Good news for clients of Fortrade. The British international broker, which has been regulated by the FCA since 2014, recently also obtained regulation by the National Bank of the Republic of Belarus (NBRB).
Traders outside of the European Union now have the option of trading on an FCA-regulated account with Fortrade, or on one under the supervision of the NBRB.
The primary advantage to trading on an NBRB-regulated account is the ability to continue trading with the leverage that has been available until now. As of August 1, 2018, the European Securities and Markets Authority (ESMA) introduced new directives on trading Contracts for Differences (CFDs) that affect all retail clients within the European Union.
Under these new regulations, maximum leverage provided by brokers for retail clients on all financial instruments are significantly lower than what has been available to date – in some cases with the maximum leverage being slashed by 90%.
For traders, these new directives carry both advantages and disadvantages, which is exactly why Fortrade’s new regulation in Belarus is a positive step for the broker. While traders within the EU are bound by these new regulations, traders outside of the EU may choose to open an account under the auspices of the NBRB, if they prefer to trade with the higher leverages.
For those less familiar with exactly how leverage works, we offer a brief explanation. Leverage is essentially a “loan” from the broker that enables the trader to open a trading position with a higher investment.
For example, imagine a trader wishes to invest €100 on EUR/USD, which is trading at 1.4520. At that rate, the trader’s base amount of €100 can purchase $145.20. If the trader’s broker provides leverage of 200:1, the trader has 200 times that amount, or €20,000, with which he can purchase $29,040.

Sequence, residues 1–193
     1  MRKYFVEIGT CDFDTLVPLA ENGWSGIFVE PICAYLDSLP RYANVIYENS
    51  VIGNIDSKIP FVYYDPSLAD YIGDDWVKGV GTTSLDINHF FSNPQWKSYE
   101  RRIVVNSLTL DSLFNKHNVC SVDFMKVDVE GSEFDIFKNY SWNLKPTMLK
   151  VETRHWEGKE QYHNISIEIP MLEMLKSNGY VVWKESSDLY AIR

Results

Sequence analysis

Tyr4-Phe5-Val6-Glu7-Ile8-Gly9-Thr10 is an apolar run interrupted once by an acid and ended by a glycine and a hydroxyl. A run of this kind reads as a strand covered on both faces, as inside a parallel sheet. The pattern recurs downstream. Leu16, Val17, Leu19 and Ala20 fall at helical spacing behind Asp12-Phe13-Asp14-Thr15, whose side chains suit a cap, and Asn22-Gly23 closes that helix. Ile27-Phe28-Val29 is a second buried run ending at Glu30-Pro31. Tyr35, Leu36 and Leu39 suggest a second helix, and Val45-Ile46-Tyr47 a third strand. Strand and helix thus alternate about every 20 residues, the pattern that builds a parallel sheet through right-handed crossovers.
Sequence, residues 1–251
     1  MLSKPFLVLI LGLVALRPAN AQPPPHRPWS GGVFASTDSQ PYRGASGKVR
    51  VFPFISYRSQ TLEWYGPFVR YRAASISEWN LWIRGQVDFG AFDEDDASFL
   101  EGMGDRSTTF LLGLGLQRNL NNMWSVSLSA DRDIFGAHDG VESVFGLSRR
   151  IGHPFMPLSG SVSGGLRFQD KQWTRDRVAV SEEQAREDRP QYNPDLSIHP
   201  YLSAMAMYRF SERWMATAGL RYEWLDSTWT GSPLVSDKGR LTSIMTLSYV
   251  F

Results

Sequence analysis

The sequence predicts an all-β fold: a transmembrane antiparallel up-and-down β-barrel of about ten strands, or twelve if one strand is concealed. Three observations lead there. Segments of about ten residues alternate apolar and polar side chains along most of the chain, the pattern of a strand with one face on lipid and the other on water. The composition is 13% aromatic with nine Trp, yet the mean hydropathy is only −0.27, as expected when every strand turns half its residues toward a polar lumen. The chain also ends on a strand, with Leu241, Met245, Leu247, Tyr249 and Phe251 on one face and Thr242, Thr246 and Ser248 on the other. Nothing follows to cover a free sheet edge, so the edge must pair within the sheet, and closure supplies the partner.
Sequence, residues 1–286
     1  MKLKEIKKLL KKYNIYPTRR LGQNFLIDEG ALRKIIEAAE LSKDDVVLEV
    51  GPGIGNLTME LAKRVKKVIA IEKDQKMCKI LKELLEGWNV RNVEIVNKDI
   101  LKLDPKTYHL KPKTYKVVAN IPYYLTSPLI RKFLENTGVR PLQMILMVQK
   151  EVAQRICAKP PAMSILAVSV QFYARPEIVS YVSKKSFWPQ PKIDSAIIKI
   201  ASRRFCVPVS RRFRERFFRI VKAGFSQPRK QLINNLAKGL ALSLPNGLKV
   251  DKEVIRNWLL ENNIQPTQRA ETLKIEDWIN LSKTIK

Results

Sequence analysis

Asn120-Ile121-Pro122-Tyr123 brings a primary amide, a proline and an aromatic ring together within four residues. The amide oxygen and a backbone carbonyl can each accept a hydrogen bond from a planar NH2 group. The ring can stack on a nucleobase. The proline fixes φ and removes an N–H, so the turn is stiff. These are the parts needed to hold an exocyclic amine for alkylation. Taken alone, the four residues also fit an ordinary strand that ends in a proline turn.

If the rate of the EUR versus USD rises to 1.4765, the investment will be worth $29,530, and closing the position at this point would yield a profit of $490. Had the position been opened without leverage, the initial investment of €100 would have earned a profit of $2.45.
Of course, because online trading always carries a certain amount of risk to one’s capital, the downside of leverage is that just as the potential profits are higher, so too are the potential losses. If in the above scenario, the EUR/USD were to fall to 1.4273, the investment would drop to $28,546, and the trader would lose $494, rather than the $2.47 that would have been lost without leverage.
Within those pros and cons of leverage lie the advantages and disadvantages of the new ESMA directives. Lower leverage translates to less risk to one’s money, but it also limits the potential gains that a trader might enjoy.
Traders who are more conservative, and wish to allow investments to earn slowly over longer periods of time, will likely be more satisfied with the lower leverage caps allowed by the FCA. In doing so, they would be able to manage their risks more closely, and not be tempted to trade beyond their means.
On the other hand, traders with more experience in reading market trends, and who prefer trading with higher risks, may be happy switching over to an NBRB-regulated account, in which higher leverages carry higher risks, but also higher potential profits.
Under the new policy, the maximum leverage available with FCA-regulated brokers on currency pairs are 30:1 for majors, and 20:1 for minors, as opposed to 200:1, which was previously allowed. Major indices also have a maximum leverage of 20:1 (down from 50:1), while the leverage on minor indices and commodities have a cap of 10:1 (down from 25:1 and 100:1 respectively). Stock shares carry a maximum leverage of 5:1, instead of 10:1, while the maximum leverage on cryptocurrencies will be 2:1, instead of the previously available maximum of 5:1.
Fortrade Ltd. is authorized and regulated in the UK by the Financial Conduct Authority, Firm Reference Number (FRN): 609970, and in Belarus by the National Bank of the Republic of Belarus, FRN: 193075810.
Please remember that trading financial instruments online carries a risk to your capital.
Risk Warning and Disclaimer Contracts for Difference (CFDs): Trading financial instruments carries a high level of risk to your capital as prices may move rapidly against you. 71% of retail investor accounts lose money with this provider. You should consider whether you understand how CFDs work and whether you can afford to take the high risk of losing your money. Be Aware: You can lose all, but not more than the balance of your Trading Account. These products may not be suitable for all clients, therefore, ensure you understand the risks and seek independent advice. This material does not constitute an offer of, or solicitation for, a transaction in any financial instrument. Fortrade accepts no responsibility for any use that may be made of the information and for any consequences that result. No representation or warranty is given as to the accuracy or completeness of this information, consequently, any person acting on it does so entirely at their own risk.